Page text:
Title Where Bluebirds Fly
Two-Sentence Summary Zelena’s confrontation with the Black Fairy leaves her with a choice: go back to Oz and live alone with just her daughter or give up her magic to help the only family she has. Meanwhile, Emma and Killian’s impending nuptials has her parents in full wedding-planning mode, until Charming is reminded of what Emma must face.
Emma: We were just making some pancakes.
Snow: Pancakes. Right. Maybe I should come back after you’ve made pancakes.
Killian: Don’t worry. I’ve lost my appetite. I have to go and have a quick and bracing shower.
My Thoughts Once Upon a Time is at its best when its plot works to serve its characters—not the other way around. As the buildup to the climactic “Final Battle” has begun, I was initially worried that this major plot point would dominate the show, but in a surprising turn of events, it seems the opposite is true. The last two episodes have been filled with lovely character-driven moments, and “When Bluebirds Fly” was perhaps the least plot-driven episode of this entire season. Nothing really moved forward as far as the Final Battle is concerned (It actually ended with things back at Square One for the Black Fairy.), but various characters—especially Zelena—took huge strides forward in their development. And that is a far more engaging and entertaining way for me to spend an hour on a Sunday night than watching a series of plot twists and turns that offers little to no time for characters to do anything other than offer up expository monologues or create new and unnecessary conflicts.
Every conflict in this episode came from a place that felt true to who these characters are and have always been. Nothing felt contrived or forced; everything felt earned and thematically resonant—tying back into the ideas of love and sacrifice, true happiness, and what makes a place a home.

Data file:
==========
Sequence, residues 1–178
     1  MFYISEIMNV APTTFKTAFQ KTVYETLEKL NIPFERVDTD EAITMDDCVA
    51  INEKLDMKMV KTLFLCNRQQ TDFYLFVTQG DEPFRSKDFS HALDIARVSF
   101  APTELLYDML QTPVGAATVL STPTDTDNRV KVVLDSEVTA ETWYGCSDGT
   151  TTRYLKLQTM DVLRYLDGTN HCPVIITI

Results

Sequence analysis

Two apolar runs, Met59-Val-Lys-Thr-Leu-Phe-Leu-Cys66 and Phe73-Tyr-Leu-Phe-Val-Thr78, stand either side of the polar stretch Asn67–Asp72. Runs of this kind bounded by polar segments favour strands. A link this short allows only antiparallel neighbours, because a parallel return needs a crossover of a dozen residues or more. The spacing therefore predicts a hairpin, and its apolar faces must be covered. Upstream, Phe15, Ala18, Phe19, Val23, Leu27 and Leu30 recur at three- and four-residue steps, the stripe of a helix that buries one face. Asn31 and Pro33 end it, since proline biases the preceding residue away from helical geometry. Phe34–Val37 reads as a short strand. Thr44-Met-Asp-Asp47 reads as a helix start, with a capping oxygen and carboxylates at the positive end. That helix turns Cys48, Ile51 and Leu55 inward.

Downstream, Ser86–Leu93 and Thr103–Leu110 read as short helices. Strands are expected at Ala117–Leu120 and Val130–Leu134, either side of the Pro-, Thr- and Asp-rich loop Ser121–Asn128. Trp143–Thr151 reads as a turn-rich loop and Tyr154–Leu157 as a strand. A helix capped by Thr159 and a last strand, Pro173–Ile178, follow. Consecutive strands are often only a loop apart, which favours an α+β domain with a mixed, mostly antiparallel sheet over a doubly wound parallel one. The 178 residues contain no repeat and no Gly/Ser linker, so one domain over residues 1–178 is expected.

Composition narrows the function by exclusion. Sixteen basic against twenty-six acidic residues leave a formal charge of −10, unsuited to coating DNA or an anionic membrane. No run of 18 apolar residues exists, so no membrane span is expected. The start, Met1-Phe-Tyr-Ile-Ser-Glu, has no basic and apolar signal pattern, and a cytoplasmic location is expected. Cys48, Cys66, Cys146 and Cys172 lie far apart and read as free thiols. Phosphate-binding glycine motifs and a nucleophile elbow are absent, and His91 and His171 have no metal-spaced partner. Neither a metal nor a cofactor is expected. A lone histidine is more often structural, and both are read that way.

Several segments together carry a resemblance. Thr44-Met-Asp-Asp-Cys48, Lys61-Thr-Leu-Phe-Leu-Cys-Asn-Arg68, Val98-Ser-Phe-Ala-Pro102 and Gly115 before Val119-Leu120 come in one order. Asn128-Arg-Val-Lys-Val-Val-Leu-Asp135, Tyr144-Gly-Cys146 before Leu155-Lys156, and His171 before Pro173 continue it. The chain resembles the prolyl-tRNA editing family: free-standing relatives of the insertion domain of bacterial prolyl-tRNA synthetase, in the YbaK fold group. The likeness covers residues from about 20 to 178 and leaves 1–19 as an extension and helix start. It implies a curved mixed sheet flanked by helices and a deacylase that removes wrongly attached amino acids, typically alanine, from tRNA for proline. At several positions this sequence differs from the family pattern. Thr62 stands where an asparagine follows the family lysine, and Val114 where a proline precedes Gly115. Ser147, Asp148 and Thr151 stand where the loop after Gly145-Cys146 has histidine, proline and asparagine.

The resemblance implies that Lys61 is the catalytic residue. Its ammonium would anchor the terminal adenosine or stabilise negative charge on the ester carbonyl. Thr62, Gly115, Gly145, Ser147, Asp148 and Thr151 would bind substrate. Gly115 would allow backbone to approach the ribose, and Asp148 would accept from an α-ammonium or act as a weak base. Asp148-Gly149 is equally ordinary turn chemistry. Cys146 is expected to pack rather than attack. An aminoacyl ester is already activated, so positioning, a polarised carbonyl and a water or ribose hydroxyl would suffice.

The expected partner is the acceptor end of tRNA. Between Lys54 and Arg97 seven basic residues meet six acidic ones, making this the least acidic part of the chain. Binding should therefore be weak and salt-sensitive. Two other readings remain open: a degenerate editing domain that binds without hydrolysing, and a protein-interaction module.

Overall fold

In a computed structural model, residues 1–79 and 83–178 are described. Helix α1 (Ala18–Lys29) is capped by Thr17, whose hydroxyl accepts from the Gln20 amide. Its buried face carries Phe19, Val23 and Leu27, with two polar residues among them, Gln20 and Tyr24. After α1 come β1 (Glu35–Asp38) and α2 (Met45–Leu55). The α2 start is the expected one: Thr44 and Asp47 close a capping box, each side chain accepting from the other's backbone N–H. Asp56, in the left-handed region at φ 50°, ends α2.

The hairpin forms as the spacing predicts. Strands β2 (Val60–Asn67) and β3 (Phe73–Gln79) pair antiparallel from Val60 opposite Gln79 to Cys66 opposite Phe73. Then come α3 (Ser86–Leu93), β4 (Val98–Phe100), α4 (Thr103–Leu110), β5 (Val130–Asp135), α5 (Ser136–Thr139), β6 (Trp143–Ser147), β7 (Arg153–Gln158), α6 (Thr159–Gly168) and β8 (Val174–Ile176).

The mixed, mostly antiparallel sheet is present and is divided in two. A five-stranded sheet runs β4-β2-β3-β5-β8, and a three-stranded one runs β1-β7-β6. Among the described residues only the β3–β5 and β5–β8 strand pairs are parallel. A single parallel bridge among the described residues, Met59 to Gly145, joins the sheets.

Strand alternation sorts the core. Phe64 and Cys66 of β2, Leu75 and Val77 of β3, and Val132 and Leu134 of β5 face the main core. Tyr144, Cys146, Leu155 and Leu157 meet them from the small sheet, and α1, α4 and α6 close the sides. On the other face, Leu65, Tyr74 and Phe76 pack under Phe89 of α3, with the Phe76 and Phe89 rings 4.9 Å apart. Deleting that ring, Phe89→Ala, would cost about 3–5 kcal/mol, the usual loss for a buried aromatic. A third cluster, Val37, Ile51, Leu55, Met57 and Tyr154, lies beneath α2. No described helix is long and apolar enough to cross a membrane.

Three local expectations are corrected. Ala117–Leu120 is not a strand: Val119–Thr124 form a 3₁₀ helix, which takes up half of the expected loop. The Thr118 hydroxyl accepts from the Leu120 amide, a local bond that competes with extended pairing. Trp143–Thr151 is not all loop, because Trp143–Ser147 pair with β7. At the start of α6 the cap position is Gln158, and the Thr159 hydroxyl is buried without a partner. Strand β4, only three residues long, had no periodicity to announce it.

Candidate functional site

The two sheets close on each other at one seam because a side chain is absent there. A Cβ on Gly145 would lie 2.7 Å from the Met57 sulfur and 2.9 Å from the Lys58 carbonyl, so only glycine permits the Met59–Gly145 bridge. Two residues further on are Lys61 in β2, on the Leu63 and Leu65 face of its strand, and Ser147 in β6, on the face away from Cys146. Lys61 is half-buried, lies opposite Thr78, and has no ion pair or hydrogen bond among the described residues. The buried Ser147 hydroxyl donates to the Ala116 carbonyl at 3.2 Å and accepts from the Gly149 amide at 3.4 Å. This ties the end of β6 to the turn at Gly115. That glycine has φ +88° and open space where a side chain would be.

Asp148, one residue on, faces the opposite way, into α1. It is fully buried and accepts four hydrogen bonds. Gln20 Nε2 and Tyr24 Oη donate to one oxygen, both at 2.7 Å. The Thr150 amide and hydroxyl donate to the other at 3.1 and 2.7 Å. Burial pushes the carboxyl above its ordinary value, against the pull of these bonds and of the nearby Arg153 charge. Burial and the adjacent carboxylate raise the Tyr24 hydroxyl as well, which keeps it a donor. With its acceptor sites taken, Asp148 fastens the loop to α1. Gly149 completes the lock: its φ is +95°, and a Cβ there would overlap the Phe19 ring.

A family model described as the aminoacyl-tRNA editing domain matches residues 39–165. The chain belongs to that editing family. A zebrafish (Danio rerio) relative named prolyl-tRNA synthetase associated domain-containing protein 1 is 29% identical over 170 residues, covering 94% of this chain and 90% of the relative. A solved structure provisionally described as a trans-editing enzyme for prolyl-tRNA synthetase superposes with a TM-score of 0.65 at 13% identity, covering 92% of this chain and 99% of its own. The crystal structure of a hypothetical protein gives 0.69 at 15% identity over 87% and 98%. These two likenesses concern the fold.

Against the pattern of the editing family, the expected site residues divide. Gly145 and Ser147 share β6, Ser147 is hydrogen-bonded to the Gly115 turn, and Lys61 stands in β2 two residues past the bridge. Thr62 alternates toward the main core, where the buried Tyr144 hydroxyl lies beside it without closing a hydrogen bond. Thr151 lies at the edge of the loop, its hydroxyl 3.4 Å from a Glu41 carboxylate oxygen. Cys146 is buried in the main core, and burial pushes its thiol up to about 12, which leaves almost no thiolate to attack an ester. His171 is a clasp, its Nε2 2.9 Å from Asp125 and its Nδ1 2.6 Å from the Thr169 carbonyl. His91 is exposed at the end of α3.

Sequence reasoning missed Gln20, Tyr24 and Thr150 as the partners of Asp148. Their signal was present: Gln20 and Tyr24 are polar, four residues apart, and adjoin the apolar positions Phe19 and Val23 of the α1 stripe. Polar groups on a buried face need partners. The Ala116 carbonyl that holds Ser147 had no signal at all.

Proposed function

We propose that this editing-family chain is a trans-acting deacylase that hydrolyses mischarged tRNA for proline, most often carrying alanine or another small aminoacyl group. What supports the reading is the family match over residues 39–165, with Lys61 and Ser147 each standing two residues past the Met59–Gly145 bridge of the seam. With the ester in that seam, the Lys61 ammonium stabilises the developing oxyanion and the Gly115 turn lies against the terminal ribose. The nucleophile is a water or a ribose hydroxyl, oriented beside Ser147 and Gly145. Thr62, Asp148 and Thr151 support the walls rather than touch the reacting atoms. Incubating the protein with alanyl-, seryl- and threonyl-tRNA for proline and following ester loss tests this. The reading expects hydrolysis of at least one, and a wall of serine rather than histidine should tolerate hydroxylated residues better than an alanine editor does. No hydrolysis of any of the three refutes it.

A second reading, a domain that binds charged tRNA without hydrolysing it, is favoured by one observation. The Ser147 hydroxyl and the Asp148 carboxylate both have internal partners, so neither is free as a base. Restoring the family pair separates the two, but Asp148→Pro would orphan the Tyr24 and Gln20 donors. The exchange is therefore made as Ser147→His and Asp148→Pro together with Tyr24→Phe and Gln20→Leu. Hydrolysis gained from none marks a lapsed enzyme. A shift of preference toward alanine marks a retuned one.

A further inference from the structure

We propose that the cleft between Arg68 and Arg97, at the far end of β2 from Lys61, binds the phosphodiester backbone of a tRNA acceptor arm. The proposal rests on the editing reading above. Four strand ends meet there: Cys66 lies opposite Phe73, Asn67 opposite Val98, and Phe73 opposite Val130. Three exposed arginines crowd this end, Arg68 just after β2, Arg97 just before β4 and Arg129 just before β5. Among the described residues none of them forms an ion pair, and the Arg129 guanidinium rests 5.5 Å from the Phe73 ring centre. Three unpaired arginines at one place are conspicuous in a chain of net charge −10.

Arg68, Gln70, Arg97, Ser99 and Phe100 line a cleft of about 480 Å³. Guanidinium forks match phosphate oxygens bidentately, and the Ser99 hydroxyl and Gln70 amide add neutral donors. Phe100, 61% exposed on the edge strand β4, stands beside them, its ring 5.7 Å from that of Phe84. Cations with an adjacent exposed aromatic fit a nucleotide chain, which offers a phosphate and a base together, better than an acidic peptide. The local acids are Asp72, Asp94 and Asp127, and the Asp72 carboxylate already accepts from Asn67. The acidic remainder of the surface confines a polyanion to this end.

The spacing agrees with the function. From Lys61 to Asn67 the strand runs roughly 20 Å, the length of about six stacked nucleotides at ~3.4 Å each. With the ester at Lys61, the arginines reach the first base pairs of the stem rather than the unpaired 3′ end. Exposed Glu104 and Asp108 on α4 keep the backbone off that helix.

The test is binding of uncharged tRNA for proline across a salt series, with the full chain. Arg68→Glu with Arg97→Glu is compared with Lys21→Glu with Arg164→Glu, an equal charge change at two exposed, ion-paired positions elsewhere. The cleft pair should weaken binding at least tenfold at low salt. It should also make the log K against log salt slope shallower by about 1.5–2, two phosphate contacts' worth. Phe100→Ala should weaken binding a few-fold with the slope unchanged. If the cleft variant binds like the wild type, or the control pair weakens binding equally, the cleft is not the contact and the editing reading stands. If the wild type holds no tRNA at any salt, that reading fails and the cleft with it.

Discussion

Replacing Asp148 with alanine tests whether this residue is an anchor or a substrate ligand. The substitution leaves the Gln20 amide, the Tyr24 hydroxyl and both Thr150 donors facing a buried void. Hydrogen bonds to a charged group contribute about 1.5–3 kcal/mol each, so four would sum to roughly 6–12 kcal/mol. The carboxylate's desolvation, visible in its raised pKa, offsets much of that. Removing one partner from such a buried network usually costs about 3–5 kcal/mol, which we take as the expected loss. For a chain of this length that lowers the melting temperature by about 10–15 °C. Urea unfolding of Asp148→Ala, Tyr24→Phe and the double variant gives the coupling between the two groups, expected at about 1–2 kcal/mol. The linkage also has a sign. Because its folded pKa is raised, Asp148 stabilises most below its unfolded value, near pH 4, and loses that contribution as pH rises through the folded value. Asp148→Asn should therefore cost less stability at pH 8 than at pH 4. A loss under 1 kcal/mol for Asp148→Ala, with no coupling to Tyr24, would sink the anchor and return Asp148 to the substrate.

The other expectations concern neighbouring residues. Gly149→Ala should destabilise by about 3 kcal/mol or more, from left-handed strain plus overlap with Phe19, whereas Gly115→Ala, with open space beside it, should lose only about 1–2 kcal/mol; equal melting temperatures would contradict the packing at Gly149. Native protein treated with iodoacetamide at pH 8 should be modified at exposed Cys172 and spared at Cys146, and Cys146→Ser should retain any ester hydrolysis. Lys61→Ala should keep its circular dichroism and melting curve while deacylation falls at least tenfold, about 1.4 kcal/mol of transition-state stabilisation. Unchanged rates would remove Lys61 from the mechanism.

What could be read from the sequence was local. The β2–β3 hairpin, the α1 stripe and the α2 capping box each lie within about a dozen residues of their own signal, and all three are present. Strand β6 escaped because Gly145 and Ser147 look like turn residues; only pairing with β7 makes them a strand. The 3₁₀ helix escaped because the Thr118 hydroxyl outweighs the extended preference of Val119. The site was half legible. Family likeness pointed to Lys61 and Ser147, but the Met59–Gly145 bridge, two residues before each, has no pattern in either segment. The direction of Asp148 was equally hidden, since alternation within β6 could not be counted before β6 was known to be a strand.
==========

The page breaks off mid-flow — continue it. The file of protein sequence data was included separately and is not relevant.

For all of these characters, home is the place where you feel you belong—it’s where you’re loved. Home truly is where the heart is on this show. And for a long time, Zelena felt she belonged in Oz. But this episode’s flashbacks reminded us that she didn’t feel she belonged in Oz because she was loved there; she felt she belonged there because she was powerful there. Zelena’s entire arc has been about letting go of her need to define herself by how good she is at magic, which is a much more relatable story than it would seem at first glance. Haven’t we all defined ourselves by the things we feel we’re best at? Haven’t we all worried about who we would be if we suddenly didn’t have that talent anymore? Maybe it’s just my inner Slytherin coming through, but I related to Zelena much more than I was expecting to in this episode. When you spend your whole life wanting to be the best at something, how easy would it be to give that talent up for someone else? I know I’d struggle with doing the right thing if it meant losing the talent I’d always prided myself on having.
Zelena has become one of the most complex characters on this show. (Remember when I thought she was just a one-note, over-the-top villain back in Season 3B?) She wants so badly to be wanted, to feel important, which is a very believable byproduct of being abandoned the way she was as a child. And for her, magic was the key to making her mark on the world. If she could prove that she was the strongest, most powerful witch, then she would be able to feel she was worth something. Because otherwise, she was just a lost little girl whose mother left her behind because she wasn’t worth the trouble.